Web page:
Preparing for college is one of the most exciting times in life. Registering for classes, perusing the college bookstore, and decorating your dorm with your new roommate couldn’t be more fun.
This time can also be stressful, though, as obtaining a college education is pricey.
Scholarships and grants can help, but more often than not, they don’t cover all of the expenses that come with a degree. In those cases, student loans can be a valuable resource.
If you’re looking for a loan to help fund your education, you have plenty of options. Read on to learn which types of student loan might work best for you.
What Are the Different Types of Student Loans?
There are essentially two types of student loans: federal and private. These loans operate differently in their terms, rates, and eligibility requirements.
Federal Student Loans vs. Private Student Loans
Before we walk through all the different types of federal and student loans, here’s a quick look at the main distinctions between them.
- Lender: Federal loans, as their name suggests, are issued by the U.S. government, whereas private loans are offered by banks, credit unions, and other financial institutions, some of which focus solely on providing student loans.
- Application process: You apply for a private loan just as you would with any other personal or business loan, through the lender. On the other hand, you apply for all federal student loans by submitting the FAFSA (Free Application for Federal Student Aid).
- Eligibility: Eligibility for private student loans is based on your credit score, and your approval odds and rates can be improved with a cosigner. Federal loans, however, don’t always factor in your credit. You could also qualify for additional subsidized needs-based federal aid depending on your family’s expected contributions.
- Interest: Federal loans offer fixed interest rates to borrowers, meaning the rates set at the beginning of the loan are locked in for the remainder of the agreement. Private student loan rates may be either fixed or variable, depending on the loan.
- Terms of repayment: One of the most significant benefits of federal student loans are their flexible repayment plans. You can sometimes defer payments on your federal student loans or enroll in an income-driven repayment plan. Typically, your payment plan on a private student loan can’t be altered.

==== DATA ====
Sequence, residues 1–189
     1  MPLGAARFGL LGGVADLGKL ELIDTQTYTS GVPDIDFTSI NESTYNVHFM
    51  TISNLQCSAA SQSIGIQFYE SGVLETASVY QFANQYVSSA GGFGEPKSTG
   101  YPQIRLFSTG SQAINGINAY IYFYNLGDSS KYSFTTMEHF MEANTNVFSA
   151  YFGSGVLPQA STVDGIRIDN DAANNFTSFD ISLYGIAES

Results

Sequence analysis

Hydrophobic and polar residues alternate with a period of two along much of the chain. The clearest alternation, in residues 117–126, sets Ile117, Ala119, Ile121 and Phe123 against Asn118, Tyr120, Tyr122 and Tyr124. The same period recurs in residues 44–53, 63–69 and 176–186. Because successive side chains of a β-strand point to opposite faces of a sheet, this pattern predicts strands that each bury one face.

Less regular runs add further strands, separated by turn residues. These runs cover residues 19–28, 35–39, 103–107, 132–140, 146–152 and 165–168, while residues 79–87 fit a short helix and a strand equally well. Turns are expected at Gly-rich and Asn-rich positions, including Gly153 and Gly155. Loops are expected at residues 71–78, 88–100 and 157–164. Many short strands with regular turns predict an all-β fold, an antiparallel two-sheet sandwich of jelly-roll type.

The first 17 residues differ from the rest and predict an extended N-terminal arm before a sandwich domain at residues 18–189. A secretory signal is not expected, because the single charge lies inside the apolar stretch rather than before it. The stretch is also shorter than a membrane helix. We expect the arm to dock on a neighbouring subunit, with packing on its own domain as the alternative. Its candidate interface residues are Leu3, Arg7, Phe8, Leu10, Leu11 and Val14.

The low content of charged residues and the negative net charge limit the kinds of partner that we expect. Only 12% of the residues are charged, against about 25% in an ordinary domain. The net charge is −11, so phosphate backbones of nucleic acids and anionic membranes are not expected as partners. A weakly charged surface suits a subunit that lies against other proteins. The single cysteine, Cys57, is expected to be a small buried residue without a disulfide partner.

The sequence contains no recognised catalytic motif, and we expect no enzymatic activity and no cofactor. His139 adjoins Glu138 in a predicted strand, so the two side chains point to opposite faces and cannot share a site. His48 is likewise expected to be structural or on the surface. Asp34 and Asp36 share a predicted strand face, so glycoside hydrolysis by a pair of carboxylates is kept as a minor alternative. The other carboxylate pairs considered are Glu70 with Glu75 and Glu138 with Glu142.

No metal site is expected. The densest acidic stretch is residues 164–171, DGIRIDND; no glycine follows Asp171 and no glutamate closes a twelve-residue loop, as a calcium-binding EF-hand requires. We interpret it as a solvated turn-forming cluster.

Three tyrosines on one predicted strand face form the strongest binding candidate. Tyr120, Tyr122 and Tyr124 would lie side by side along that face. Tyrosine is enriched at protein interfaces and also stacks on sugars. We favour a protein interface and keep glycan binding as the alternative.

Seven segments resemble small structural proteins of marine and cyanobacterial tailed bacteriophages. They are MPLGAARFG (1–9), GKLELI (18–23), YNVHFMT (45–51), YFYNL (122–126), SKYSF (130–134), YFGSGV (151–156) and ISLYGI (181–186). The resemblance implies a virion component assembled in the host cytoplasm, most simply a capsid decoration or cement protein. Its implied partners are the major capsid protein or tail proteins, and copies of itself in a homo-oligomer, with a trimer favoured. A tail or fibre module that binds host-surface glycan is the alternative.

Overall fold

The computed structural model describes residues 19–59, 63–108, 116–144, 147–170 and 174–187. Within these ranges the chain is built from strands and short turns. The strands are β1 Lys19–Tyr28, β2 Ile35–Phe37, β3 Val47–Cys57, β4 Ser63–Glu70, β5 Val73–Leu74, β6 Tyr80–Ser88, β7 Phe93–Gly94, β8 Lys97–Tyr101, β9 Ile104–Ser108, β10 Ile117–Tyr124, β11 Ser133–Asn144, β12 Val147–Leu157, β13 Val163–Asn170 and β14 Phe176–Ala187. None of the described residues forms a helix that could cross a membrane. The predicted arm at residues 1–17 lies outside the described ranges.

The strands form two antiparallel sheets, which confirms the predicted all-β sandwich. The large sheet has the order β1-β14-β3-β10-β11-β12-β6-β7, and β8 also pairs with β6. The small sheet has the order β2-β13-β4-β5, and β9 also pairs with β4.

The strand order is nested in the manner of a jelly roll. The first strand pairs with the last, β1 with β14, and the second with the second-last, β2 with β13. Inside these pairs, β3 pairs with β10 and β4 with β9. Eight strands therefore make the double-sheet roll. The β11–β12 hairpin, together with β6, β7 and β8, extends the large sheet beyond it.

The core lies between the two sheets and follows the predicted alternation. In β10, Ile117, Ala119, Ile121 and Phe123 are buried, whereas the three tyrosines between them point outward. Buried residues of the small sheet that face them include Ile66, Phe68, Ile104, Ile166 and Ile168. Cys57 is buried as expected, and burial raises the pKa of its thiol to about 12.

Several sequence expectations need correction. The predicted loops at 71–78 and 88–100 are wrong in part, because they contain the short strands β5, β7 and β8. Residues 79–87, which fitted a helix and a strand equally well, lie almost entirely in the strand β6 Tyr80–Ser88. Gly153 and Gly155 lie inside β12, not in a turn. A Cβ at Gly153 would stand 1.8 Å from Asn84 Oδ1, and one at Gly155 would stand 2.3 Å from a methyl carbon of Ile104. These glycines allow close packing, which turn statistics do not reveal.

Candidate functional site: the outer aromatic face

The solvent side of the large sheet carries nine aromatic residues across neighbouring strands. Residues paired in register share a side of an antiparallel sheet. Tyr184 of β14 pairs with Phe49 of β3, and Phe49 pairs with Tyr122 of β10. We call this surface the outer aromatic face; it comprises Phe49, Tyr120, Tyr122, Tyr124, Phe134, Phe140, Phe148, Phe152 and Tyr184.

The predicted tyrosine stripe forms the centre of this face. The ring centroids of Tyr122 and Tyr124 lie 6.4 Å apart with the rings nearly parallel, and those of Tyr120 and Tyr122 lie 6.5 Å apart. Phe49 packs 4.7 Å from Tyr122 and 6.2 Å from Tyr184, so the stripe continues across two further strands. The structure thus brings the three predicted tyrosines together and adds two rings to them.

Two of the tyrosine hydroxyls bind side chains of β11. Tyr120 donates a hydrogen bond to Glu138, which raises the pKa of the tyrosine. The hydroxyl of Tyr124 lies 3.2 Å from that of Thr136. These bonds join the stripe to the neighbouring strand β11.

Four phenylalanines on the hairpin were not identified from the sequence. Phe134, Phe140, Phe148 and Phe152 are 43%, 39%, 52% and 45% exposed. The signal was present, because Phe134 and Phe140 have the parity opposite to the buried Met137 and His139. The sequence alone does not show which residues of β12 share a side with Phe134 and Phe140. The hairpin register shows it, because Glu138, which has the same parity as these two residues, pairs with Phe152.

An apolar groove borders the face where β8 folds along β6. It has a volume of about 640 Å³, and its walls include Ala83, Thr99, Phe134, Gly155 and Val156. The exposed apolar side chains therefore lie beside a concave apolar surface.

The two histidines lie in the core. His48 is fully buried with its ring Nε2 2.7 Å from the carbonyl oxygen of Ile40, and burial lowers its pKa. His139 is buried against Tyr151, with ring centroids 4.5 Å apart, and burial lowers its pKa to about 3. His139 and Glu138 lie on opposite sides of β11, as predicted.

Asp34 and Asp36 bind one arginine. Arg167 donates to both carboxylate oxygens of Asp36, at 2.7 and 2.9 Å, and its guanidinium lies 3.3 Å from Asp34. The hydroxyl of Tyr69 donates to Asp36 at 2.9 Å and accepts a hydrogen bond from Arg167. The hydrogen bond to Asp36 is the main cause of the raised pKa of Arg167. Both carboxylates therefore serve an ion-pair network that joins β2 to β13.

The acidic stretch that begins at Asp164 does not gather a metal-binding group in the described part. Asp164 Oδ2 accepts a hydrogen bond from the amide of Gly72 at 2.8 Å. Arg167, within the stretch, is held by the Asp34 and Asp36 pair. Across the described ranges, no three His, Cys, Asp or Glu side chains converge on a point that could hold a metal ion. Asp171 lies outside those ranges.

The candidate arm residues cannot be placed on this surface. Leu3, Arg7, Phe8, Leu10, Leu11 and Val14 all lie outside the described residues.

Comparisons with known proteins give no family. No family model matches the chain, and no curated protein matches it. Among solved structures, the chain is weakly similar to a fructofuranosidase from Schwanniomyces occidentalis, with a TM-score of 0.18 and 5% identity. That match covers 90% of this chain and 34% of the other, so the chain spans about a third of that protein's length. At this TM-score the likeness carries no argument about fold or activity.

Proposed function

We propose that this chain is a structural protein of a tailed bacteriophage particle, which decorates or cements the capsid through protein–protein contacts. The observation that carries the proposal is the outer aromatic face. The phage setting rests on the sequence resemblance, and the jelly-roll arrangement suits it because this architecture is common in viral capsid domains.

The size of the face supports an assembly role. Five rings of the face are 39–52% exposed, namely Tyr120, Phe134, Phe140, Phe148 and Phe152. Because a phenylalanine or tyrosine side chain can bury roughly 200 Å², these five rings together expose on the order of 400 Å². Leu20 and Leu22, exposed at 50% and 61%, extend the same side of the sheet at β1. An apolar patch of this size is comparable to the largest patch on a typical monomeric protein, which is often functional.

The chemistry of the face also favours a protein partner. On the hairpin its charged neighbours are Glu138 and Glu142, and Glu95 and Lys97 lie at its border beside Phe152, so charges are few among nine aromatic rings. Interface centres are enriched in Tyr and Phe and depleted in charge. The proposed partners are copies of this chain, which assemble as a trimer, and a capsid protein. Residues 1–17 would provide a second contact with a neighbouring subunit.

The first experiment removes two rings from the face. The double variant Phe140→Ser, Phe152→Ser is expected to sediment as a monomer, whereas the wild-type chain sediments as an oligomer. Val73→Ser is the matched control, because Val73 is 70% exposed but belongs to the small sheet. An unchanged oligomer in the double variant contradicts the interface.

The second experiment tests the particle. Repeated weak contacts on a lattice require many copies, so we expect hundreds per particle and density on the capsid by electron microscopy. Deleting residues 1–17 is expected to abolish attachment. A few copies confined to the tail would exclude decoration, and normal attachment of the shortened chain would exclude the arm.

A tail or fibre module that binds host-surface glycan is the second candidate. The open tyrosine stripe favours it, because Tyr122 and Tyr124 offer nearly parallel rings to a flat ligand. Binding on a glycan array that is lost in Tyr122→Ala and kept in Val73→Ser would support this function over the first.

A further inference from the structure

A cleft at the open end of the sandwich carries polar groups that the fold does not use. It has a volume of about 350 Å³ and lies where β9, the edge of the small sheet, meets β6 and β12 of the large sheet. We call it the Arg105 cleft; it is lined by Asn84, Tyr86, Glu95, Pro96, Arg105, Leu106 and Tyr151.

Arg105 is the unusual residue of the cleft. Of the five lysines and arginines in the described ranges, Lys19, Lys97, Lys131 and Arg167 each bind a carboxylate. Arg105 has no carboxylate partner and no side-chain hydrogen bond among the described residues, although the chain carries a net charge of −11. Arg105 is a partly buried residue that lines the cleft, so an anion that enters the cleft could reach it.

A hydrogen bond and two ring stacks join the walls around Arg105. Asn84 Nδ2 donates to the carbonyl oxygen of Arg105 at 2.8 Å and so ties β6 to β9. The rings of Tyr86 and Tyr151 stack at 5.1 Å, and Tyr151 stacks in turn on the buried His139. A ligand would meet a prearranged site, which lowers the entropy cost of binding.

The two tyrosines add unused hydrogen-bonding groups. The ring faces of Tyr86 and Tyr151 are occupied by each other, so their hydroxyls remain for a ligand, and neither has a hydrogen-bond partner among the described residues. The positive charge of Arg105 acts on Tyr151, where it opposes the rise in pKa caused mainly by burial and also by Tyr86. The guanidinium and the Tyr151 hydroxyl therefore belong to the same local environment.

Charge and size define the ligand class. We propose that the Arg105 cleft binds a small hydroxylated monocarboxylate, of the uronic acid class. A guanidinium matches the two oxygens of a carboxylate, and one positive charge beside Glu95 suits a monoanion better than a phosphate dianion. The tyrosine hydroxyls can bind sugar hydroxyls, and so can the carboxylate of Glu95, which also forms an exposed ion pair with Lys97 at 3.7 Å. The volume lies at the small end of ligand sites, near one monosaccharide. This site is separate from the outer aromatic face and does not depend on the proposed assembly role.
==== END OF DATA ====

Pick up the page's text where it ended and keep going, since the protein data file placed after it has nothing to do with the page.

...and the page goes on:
Because of their accessibility, flexible terms, and low interest, federal student loans are typically the first place you should look. But in some cases, private student loans can be an excellent supplementary source of funding.
With the main differences between private and federal student loans in mind, here’s a quick overview of all the student loans you have to choose from.
Federal Student Loans
There are a few types of federal student loans, each coming with unique terms and benefits. Knowing the differences will help you choose the right loans for your needs.
If you’ve come across the name Perkins Loan in your research and hope to qualify for it, you’re out of luck.
A thing of the past since September 30, 2017, the Perkins Loan was one of the most advantageous for students requiring need-based aid.
It came with low interest and a grace period of 9 months. The Perkins Loan was also subsidized, meaning that the borrower wouldn’t be responsible for any interest that built up as long as they were enrolled half-time in a degree-seeking program.
While you may not be able to get a Perkins Loan anymore, you can access a Direct Loan from the federal government.
Also referred to as Stafford Loans, these are some of the most popular federal loans for undergrad and graduate students.
There are two types of Direct Loans: Direct Subsidized Loans and Direct Unsubsidized Loans.
A Subsidized Stafford Loan, as it’s commonly referred to, does not accrue interest while the student is enrolled in school. The Unsubsidized Stafford Loan, however, does.
Eligibility for a Stafford Loan is simple: you have to complete the FAFSA and be a degree-seeking student enrolled at least half-time.
While the Direct Loan comes with an origination fee (just over 1% of the full amount of the loan), it also comes with plenty of benefits.
The Stafford Loan offers a grace period, income-driven repayment plans, competitive fixed interest rates, and terms between 10 and 25 years.
Direct Loans are an excellent option for parents and students across the board.
If you’re a student with little credit history to support your case or a parent with a low credit score, you could especially benefit from this advantageous loan.
The main alternative to the Federal Direct Loan is the PLUS Loan. PLUS Loans come with all the same great benefits of a Direct Loan, but there is a catch.
While Direct Loans don’t require a credit check, your eligibility for a PLUS Loan is based on your credit score. To qualify for one of these loans, you need to either have an endorser or a fair credit score.
In addition to requiring a credit check, these loans come with a higher origination fee, which is over 4% of the total amount of the loan, and higher interest rates.